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hepcat
04-02-2012, 06:23 PM
Anybody ever make it??

wayneb
04-02-2012, 07:30 PM
yup! What do you want to know?

hepcat
04-02-2012, 08:49 PM
Your recipe!8)

TAKeyser
04-02-2012, 08:55 PM
Your recipe!8)

Try Wayne B's recipe http://www.gotmead.com/forum/showthread.php?t=13151&highlight=elderberry&page=2
Elderberries with some complementary fruit and a yeast that is great for dark melomel's

hepcat
04-02-2012, 09:12 PM
Hmm, thanks Takeyser but looks like I don't have access to that link.

fivecats
04-02-2012, 09:15 PM
Hmm, thanks Takeyser but looks like I don't have access to that link.

Correct. We non-Patrons don't have access to it. Alas...

TAKeyser
04-02-2012, 09:21 PM
Sorry didn't realize it was in the patrons section. Reason enough to become a patron ;D

Honey
04-02-2012, 09:56 PM
Anybody ever make it??

I just planted 10 little Florida-native elder trees in my yard, and hope to be making an elder flower mead and an elder berry mead. Actually, the little "elder ladies" where who first pointed me in the direction of checking out mead-making, lol. The elder leaf is also edible and I thought of making an elder leaf mead, but not sure on how that would taste...

I am not sure that they will be big enough this year to give me a crop, but the (very nice) nursery-man I got them from made "cuttings" for me from some wild elders he had growing on an uncultivated back lot on his property (he only charged me 6 bucks fr the lot of them!). I am thinking of paying him another visit and seeing if he will be willing to let me pick some of the berries this year for a fee as he doesn't use them and they just grow wild there...

Honey

Medsen Fey
04-02-2012, 10:03 PM
Elder leaves and stems contain a cyanogenic glycoside (Sambunigrin) that is poisonous. So do unripe (and even some ripe) berries. If you boil the leaves the toxin may be broken down, but I'd be careful otherwise.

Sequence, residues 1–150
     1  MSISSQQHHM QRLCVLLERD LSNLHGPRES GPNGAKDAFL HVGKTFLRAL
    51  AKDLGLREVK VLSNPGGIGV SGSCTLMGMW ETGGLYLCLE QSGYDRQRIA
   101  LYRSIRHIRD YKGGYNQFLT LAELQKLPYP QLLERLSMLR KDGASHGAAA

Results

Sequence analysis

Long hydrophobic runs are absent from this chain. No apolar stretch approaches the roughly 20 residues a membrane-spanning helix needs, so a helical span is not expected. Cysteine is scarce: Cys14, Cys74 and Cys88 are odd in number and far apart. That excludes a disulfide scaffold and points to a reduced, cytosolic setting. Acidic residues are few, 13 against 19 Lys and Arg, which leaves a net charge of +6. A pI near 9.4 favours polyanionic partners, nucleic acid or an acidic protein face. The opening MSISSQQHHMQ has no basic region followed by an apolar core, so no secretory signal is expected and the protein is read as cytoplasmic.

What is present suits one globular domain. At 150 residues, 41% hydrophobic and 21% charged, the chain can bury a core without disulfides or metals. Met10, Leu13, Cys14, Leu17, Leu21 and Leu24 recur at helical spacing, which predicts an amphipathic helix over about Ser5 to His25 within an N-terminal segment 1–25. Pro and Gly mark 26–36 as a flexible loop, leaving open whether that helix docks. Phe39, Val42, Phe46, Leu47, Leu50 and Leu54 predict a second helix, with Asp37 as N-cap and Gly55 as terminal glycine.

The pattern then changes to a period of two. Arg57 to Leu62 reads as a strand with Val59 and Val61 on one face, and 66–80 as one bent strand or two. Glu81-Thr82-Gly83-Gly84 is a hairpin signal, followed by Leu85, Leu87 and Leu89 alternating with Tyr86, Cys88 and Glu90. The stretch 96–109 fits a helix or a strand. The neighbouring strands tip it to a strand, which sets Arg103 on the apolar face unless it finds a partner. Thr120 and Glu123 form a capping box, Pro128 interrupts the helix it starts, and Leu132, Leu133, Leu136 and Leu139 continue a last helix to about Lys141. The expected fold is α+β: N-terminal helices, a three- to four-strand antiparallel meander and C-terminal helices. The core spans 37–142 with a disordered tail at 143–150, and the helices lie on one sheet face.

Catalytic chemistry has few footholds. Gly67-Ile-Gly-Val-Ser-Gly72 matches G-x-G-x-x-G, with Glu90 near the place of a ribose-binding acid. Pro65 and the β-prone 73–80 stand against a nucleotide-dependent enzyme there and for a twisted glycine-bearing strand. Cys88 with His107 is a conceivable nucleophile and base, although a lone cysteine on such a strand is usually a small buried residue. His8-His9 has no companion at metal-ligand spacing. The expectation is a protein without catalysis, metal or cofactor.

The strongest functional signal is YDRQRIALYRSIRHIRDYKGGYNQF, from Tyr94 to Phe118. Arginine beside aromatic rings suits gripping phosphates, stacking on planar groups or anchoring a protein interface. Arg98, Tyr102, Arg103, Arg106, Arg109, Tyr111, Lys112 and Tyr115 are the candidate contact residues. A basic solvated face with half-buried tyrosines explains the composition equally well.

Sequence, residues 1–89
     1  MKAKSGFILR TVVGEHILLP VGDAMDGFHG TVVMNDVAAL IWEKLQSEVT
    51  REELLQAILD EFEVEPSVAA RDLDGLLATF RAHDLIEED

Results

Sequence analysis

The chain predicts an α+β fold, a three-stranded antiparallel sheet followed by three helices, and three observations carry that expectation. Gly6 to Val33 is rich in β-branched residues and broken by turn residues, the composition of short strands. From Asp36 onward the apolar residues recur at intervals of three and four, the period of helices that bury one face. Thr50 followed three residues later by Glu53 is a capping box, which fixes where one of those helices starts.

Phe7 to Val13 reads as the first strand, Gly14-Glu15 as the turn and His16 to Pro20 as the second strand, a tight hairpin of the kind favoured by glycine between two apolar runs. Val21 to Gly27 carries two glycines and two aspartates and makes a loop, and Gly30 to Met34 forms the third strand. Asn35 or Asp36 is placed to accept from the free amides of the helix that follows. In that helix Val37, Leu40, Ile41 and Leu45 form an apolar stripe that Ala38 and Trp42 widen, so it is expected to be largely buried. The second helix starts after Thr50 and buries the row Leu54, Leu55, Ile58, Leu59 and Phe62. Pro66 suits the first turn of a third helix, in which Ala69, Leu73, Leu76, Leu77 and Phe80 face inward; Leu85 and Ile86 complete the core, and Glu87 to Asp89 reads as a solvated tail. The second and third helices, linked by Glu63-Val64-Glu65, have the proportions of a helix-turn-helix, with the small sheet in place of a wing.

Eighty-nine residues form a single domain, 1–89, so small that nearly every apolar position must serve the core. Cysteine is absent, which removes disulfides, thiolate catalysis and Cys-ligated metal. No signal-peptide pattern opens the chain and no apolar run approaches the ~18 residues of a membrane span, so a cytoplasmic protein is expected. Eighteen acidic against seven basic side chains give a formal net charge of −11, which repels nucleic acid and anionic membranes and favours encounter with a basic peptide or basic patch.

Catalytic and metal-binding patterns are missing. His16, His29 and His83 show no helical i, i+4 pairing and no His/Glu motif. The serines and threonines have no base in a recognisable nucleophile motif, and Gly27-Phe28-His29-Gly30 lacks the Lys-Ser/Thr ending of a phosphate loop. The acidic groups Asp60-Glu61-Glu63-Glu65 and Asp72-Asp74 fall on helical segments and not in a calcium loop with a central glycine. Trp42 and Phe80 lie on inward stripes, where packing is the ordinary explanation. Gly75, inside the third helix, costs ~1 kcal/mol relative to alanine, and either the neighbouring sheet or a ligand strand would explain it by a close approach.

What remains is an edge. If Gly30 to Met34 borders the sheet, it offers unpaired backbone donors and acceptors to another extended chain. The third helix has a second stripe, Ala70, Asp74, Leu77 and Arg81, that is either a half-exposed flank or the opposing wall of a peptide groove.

Also, if you plant elderberries in your yard, watch out as they will take over and they are extremely difficult to kill or remove.

Honey
04-02-2012, 10:10 PM
Elder leaves and stems contain a cyanogenic glycoside (Sambunigrin) that is poisonous. So do unripe (and even some ripe) berries. If you boil the leaves the toxin may be broken down, but I'd be careful otherwise.

Also, if you plant elderberries in your yard, watch out as they will take over and they are extremely difficult to kill or remove.

wow - I'm glad you said something. I was under the impression they were edible and I've already chewed up one to see what it tasted like! (Still kicking, though, lol.) Well I suppse I will stick to the berries and flower.

Honey

BBBF
04-02-2012, 10:12 PM
Elder leaves and stems contain a cyanogenic glycoside (Sambunigrin) that is poisonous. So do unripe (and even some ripe) berries. If you boil the leaves the toxin may be broken down, but I'd be careful otherwise.

Also, if you plant elderberries in your yard, watch out as they will take over and they are extremely difficult to kill or remove.

I'll be planting some too. They can fight with the hops.

wayneb
04-02-2012, 10:23 PM
Your recipe!8)